It didn't take long for PALLBEARER to perfect their masterful mix of melancholy and beauty after their 2012 debut, "Sorrow and Extinction". Heck, that mix was damn near perfect coming out of the starting gate. It's been a testament to their mastery of songcraft and melodic doom metal that even through minor tweaks here and there on subsequent records, their musical concoctions still remain emotionally and sonically powerful from the first moment a listener presses play. The overall production of their newest record, "Forgotten Days", is grungier and dirtier than their last couple of records. The record also has their catchiest and most straightforwardly metal song, as well as what may be the most goth song of their career. The fact that PALLBEARER has integrated those indulgences so seamlessly into their existing blueprint cements their status as one of this era's most vital metal acts.
The album starts out with a small bit of super-ugly distortion before the band launches into what also may be their career's purest doom-metal riffs on the album-opening title track. Everything — Devin Holt and Brett Campbell's harmonized guitars, Joseph D. Rowland's thick bass lines and Mark Lierly's drums — rains down with a body-shaking rumble. But instead of overwhelming and bludgeoning the listener with a bit of heaviness for the sake of being heavy, PALLBEARER retain their bits of beauty within the murk. The riffs have the mix of crunch and melody that have made bands like TORCHE a favorite for many heavy music fans. Campbell's lead performances on vocal duties are slowly and steadily morphing into a "Geddy Lee gone doom metal" register on every album, and when Holt and Rowland jump in with backing vocals, that performance gets an extra boost of aural beauty.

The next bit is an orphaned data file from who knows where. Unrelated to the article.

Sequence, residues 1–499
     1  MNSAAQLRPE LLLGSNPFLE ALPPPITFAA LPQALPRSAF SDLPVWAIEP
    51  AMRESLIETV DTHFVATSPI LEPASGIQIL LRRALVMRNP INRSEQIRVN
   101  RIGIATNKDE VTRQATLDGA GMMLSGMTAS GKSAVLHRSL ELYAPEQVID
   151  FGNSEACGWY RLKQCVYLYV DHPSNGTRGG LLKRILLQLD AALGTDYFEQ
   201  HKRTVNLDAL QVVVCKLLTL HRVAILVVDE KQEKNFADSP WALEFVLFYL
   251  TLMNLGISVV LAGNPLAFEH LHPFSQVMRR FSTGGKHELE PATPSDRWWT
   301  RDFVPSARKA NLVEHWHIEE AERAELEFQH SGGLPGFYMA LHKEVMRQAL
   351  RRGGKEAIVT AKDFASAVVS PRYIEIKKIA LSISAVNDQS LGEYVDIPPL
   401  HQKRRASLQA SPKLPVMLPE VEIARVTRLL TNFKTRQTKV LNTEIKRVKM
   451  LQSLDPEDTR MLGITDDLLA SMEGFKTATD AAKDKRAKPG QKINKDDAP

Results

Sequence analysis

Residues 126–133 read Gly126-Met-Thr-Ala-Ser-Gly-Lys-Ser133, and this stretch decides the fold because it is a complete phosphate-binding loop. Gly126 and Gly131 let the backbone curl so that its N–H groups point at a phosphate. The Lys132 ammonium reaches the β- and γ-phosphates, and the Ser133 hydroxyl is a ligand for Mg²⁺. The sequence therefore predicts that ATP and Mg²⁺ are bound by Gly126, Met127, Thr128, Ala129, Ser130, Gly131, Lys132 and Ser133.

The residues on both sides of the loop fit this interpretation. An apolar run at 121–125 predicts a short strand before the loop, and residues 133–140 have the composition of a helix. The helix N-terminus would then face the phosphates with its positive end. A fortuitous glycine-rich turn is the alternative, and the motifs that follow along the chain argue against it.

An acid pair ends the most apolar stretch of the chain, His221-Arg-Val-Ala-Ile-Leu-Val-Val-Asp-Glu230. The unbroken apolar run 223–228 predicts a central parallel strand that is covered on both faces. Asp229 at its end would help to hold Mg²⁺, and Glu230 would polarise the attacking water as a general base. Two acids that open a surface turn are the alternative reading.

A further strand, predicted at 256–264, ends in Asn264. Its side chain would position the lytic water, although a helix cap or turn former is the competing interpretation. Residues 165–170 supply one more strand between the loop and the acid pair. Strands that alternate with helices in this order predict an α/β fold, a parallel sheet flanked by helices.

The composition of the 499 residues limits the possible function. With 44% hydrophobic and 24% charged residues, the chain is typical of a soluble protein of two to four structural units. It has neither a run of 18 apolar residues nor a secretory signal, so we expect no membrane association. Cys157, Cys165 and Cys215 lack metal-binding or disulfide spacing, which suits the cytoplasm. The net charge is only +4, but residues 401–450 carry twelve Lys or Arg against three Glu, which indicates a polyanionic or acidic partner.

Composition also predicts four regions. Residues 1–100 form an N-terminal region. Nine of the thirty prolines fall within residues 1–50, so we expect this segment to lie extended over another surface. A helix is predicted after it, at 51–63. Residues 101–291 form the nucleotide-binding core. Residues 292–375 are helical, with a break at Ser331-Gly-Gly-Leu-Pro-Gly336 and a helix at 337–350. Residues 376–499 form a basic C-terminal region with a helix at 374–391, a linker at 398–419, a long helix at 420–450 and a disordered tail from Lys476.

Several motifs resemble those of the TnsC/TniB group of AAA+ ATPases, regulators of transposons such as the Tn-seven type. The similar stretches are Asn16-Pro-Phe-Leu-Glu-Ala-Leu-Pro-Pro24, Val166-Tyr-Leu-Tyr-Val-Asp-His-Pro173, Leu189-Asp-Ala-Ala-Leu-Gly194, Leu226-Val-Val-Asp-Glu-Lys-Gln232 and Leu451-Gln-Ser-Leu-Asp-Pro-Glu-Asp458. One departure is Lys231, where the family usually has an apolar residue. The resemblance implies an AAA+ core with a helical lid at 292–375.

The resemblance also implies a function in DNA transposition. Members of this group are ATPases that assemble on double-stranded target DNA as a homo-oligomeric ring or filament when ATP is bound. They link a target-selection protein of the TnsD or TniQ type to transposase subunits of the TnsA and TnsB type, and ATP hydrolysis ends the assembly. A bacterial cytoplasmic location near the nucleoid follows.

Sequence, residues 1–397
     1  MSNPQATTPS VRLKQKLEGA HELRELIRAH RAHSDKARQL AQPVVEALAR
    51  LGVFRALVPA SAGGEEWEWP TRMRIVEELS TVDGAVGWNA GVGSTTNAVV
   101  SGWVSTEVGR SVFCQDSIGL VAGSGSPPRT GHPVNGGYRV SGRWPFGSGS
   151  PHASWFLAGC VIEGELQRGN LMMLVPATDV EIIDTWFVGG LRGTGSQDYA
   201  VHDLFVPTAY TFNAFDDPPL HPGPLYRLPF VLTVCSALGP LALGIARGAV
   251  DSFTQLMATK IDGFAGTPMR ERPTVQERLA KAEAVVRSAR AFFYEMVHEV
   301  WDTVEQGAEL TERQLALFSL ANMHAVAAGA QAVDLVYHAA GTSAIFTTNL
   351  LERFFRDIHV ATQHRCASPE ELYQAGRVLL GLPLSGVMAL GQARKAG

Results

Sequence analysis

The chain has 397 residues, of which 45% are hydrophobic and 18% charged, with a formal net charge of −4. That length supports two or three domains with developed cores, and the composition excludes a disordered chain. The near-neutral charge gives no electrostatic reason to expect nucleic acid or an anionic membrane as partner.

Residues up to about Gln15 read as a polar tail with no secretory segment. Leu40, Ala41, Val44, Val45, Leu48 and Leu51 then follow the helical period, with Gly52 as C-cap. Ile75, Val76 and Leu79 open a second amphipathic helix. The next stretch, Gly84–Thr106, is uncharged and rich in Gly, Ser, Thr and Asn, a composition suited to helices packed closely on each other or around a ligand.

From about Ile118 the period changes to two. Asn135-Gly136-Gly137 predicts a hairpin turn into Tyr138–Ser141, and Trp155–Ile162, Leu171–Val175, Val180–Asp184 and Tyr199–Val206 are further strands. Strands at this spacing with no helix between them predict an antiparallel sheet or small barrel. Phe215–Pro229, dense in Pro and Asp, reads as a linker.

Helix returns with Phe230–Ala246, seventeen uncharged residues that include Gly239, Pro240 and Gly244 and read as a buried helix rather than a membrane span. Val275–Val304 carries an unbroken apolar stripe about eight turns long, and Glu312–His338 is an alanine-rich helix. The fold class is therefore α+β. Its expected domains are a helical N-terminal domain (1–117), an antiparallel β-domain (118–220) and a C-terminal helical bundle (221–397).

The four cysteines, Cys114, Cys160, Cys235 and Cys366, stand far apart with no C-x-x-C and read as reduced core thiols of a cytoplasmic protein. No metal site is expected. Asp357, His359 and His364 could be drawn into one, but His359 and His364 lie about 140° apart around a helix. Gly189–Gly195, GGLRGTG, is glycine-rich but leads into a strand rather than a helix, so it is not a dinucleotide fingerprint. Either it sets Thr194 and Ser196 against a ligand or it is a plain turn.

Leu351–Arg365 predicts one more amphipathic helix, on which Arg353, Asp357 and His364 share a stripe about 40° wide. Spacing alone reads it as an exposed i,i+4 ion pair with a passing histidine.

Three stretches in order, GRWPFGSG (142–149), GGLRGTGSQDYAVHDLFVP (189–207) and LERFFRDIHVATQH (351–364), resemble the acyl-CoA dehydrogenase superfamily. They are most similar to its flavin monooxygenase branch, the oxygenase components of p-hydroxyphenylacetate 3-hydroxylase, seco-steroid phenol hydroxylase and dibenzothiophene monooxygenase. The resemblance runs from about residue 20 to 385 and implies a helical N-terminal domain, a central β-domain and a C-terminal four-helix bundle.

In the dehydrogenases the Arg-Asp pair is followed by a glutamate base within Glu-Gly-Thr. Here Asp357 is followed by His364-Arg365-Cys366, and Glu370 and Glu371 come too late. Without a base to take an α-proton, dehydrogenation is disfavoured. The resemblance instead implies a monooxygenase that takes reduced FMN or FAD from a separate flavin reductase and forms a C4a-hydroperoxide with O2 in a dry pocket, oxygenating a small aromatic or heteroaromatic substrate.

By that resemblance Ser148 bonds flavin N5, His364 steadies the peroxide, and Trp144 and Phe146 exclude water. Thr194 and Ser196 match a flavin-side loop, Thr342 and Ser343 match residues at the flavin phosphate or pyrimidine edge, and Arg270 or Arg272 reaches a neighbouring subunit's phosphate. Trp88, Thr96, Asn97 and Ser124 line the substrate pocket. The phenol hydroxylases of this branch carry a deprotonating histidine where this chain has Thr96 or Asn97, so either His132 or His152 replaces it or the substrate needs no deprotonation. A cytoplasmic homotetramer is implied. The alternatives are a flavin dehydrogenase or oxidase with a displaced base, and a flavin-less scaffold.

"Riverbed" and "Stasis" retain that mix of endearing melody and hypnotic trudge, but the 12-minute journey taken on "Silver Wings" is where the record truly enters wonderfully sublime territory. The ethereal feel of the track's first half washes over the listener thanks to tastefully layered harmonized vocals and the band's trademark guitar warmth. That aura flies further into the cosmos at "Silver Wings"'s halfway point with a moment of science-fiction synth and an underpinning of orchestration, before re-entering the atmosphere with a five-minute display of 2020's most beautiful melodic guitar work.
Another tell of PALLBEARER's current powers is that after soaring into the cosmos on the previous track, they embark on a crunchy stomper, "The Quicksand of Existing". This and the follow-up track, "Vengeance and Ruination", are exercises in catchy-yet-ominous SABBATH-doom accentuated by a slight foray into ZAKK WYLDE-style guitar screeches and squeals, though remaining a bit more grounded and restrained. The former track is the most accessible "rock" track of the group's career, but still rises to the business-as-usual standards already set by the band. An atmosphere of melancholy hits hard on "Rite of Passage", but the guitars hit louder to keep it from being too depressive. The record comes to a fitting conclusion with "Caledonia", an eight-minute epic that begins with the most overtly downer-goth moments of the band's career, before settling into a closing trudge that is awash with layered guitars.
It is rare for a band such as PALLBEARER to jump out of the gate as fast as they did with their debut record and a decade later to still be releasing what is the best album of their career. "Forgotten Days" gives nothing but strong indications that the band will continue to top themselves on future releases.